Having previously recorded a cover of Nelson’s 1981 hit “Angel Flying Too Close to the Ground” for an extended edition of her 2017 release Windy City, Krauss’ vocals filled every corner of the arena, as the audience put away cell phones and stopped speaking in mid-conversation to appreciate a master at work. To quote Vince Gill, who walked onstage to perform “Blue Eyes Crying in the Rain” as Krauss exited: “Damn, damn, damn!”

Willie Nelson performs in concert during the Luck Reunion at Luck, Texas on March 16, 2017 in Spicewood, Texas. 

When the bearded Johnson took the stage, several people in the crowd excitedly mistook the singer for Chris Stapleton, who had opened the show earlier with a rousing rendition of “Whiskey River.” The difference between Stapleton’s performance — which was a crowd pleaser, don’t get me wrong — and what the audience witnessed from Johnson’s handling of the oft-covered “Georgia on My Mind” was that the latter resulted in a standing ovation that began a full minute before the final lyrics were bellowed by an artist that deserves much more recognition than he currently has.

George Strait finally sings one with Willie

It’s remarkable to realize that, before last night’s performance, George Strait and Nelson had never performed together. The two reigned as key talents in country music in the ’80s, and Willie has made a career out of performing duets with fellow legends on multiple projects. It made sense, then, that the first time they would share a stage Strait would mark the occasion by debuting a new song seemingly titled “I Ain’t Never Got to Sing One With Willie.” The tune, making light of the two entering their twilight years as performers, had the two arguing over whether this occasion finally made Strait’s career or ruined it.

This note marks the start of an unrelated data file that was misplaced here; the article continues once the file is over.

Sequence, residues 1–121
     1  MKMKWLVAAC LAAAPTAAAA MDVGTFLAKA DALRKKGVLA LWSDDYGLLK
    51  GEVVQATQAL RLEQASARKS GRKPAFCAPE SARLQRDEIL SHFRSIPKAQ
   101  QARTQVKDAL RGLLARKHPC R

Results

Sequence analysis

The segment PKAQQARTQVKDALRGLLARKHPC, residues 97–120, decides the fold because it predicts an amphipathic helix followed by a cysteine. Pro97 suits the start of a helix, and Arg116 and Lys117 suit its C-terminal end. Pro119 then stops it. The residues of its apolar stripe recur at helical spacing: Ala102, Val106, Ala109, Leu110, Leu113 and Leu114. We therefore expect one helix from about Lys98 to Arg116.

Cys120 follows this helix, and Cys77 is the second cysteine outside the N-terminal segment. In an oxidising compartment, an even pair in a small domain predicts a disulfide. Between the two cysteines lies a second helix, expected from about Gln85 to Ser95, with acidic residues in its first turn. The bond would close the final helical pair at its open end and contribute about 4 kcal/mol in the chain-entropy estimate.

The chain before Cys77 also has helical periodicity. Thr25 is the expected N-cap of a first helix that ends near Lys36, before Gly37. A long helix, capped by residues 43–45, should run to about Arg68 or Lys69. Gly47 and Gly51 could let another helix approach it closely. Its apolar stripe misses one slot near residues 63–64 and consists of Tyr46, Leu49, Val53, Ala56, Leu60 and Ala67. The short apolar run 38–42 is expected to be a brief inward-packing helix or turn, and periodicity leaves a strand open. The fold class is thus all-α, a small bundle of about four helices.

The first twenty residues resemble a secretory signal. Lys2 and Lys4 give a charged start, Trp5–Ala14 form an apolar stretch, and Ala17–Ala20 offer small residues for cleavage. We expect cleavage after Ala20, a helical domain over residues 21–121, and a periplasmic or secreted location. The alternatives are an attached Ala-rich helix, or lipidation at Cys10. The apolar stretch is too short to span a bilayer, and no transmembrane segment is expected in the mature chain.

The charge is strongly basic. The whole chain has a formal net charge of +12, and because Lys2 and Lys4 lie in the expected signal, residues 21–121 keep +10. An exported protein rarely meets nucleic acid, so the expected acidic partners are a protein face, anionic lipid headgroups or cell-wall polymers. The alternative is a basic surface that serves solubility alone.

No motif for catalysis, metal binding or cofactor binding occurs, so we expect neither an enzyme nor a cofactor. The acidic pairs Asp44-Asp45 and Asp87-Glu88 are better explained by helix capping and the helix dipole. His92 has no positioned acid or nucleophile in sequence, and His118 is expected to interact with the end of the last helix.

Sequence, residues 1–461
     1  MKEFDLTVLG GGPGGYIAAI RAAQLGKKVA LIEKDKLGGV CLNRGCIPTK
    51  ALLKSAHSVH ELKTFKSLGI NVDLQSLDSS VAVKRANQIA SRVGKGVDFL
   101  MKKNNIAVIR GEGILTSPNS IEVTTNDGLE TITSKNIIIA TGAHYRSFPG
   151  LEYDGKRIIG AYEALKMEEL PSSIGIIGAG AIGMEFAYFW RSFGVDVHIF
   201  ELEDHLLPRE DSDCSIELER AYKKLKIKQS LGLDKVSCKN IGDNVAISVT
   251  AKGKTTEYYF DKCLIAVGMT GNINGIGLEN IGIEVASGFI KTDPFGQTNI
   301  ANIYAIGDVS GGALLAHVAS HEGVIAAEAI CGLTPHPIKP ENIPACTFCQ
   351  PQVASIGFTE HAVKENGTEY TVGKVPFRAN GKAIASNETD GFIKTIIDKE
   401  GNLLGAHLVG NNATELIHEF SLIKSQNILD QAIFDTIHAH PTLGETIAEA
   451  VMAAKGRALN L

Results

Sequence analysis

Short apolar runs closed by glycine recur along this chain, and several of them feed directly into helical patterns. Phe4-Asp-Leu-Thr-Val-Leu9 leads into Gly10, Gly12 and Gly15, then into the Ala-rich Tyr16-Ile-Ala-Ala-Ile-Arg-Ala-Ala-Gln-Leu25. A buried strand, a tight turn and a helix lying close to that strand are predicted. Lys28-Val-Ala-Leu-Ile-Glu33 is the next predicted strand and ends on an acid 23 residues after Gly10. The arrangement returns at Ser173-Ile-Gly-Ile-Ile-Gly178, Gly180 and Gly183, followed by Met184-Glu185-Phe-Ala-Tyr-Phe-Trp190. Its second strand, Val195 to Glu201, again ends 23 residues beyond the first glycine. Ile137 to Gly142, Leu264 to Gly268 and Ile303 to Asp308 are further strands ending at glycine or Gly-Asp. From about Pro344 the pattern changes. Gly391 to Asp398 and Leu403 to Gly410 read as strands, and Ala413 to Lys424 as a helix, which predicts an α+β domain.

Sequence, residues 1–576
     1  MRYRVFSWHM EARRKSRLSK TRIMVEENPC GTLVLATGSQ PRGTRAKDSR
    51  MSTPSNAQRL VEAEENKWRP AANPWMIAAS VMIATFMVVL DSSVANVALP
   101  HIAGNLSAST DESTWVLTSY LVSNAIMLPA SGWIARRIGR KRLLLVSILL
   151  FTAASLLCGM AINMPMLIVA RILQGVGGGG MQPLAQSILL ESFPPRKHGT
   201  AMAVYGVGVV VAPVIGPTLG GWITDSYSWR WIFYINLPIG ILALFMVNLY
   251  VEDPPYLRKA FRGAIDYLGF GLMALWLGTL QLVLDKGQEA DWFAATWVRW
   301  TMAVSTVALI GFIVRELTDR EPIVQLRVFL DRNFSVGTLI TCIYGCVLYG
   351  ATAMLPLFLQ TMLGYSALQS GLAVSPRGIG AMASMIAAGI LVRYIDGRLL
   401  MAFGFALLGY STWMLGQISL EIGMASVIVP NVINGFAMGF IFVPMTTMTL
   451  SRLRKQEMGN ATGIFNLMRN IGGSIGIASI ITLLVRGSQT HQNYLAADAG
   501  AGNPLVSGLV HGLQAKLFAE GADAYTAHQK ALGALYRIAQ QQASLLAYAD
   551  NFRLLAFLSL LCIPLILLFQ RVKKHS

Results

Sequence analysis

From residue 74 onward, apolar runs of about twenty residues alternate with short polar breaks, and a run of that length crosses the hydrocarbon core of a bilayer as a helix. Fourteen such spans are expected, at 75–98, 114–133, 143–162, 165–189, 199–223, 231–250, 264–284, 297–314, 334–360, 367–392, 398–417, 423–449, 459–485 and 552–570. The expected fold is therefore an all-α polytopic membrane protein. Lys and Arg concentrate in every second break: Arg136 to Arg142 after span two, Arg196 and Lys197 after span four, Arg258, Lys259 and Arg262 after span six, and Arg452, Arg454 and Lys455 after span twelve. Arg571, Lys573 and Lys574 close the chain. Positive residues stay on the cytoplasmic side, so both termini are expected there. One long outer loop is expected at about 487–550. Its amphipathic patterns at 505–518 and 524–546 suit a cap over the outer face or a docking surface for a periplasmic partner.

Stars gather at tribute for Willie Nelson in Nashville last night

Sunday, January 13th, 2019

photo:  Jason Kempin
by:  Joseph Hudak

TV tapings can be a drag. But amid the set changes and staged introductions from host Ed Helms at Saturday night’s all-star tribute to Willie Nelson in Nashville, there were some true moments of musical spontaneity — particularly from the guest of honor.

Titled Willie: Life & Songs of an American Outlaw and produced by Blackbird Presents, the concert, which will air sometime this year on A&E, assembled a powerful cast of guest artists to pay tribute to the 85-year-old. George Strait, Kris Kristofferson, Emmylou Harris, Jimmy Buffett, Jason Isbell, Sturgill Simpson and Eric Church all performed songs from, about or popularized by Nelson, often in collaboration with the Country Music Hall of Fame member himself.

Chris Stapleton opened the evening — like Nelson has been doing since the Seventies — with Johnny Bush’s “Whiskey River,” adding extra muscle to the song with his patented growl and establishing the tone of the tribute: these wouldn’t be paint-by-number re-creations. Rather, the Nelson catalog had room to breathe, thanks to bandleader Don Was’s versatile A-list house band, which included Amanda Shires, Jamey Johnson, Audley Freed, Paul Franklin and Nelson’s longtime harmonica player Mickey Raphael.